Second, the aforementioned data apply to free meals only. When FNS conducted the same comparison for free and reduced-price certifications combined (that is, when FNS compared the number of free or reduced-price meal certifications as of October 31, 1998 to the number of children the Census survey estimated to have annual incomes below 185 percent of the poverty line for calendar year 1999), FNS found these numbers nearly matched. The number of free and reduced-price meal certifications exceeded the number of children in the Census estimates by only two percent.
The More Basic Problem
The more fundamental problem with this comparison is that the Census data in question substantially understate the number of children eligible for free meals. School lunch eligibility is based on monthly income, not annual income. Free meal approvals as of October 31 of a school year include applications that are based on household incomes in August, applications based on household incomes in September, and applications based on October incomes that were submitted a month or two into the school year by families whose incomes have just fallen. Census data on monthly income show that the number of children with incomes below the free meal income limit in any one of these months significantly exceeds the number with annual income below the free-meal income limits.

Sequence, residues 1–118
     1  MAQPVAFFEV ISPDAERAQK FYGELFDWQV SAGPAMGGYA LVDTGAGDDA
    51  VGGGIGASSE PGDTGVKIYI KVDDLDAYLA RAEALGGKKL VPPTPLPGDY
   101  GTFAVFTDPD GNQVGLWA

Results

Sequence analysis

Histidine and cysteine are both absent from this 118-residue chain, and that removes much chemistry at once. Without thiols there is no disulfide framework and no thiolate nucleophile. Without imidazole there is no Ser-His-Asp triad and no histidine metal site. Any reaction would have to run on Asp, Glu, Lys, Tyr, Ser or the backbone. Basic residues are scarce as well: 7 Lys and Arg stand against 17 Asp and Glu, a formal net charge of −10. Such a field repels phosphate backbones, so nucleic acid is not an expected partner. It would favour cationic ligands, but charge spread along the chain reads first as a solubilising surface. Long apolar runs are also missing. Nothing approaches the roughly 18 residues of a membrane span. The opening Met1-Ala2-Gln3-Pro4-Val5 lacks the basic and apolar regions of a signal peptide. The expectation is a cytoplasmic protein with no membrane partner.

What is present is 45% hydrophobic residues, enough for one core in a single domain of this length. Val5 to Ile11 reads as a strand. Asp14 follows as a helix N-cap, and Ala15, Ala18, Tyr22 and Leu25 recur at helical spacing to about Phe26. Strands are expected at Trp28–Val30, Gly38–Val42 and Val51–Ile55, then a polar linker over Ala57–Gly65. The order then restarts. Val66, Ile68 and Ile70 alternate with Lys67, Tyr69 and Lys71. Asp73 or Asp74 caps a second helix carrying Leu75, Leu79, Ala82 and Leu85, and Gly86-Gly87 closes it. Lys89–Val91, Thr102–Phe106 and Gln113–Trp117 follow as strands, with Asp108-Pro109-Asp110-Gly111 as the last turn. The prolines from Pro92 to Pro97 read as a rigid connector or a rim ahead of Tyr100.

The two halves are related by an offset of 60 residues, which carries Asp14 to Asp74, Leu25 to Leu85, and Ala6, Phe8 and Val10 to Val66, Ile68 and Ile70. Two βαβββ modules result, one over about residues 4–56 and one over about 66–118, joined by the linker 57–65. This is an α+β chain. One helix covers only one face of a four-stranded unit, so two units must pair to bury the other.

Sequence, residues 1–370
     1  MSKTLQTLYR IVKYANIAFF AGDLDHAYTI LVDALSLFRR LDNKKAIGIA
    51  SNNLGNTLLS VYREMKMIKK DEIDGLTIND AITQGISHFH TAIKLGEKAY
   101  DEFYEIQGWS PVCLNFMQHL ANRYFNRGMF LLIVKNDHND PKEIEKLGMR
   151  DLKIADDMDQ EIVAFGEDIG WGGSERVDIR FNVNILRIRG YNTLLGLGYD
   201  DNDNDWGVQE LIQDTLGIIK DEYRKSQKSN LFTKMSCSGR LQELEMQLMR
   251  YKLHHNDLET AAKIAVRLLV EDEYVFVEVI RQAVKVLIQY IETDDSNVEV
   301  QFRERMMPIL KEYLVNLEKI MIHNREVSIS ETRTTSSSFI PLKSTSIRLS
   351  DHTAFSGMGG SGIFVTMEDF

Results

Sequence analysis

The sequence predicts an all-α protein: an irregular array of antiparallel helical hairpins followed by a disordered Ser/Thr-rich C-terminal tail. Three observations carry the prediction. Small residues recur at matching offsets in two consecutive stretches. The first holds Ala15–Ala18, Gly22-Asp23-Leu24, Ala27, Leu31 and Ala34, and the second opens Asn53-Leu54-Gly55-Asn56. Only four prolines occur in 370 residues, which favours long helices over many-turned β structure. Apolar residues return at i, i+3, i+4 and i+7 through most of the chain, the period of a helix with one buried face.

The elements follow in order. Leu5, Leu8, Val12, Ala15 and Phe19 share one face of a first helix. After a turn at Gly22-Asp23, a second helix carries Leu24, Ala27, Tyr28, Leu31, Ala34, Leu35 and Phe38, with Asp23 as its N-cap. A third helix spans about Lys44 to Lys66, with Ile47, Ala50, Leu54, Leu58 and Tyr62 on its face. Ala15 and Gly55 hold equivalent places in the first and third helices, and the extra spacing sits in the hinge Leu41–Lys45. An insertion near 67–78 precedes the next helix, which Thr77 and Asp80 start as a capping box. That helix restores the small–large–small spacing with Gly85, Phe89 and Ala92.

Furthermore, the FNS comparison involves comparing the number of meal certifications in the fall of 1998 to household incomes for calendar year 1999. Yet half of calendar year 1999 came after the 1998-1999 school year was over. Other Census data show that between 1998 and 1999, poverty fell significantly, as unemployment declined and wages for low-income workers rose. Since significantly fewer families were poor in 1999 than in 1998, use of income data for 1999 to assess the accuracy of meal certifications conducted in 1998 results in further distortion.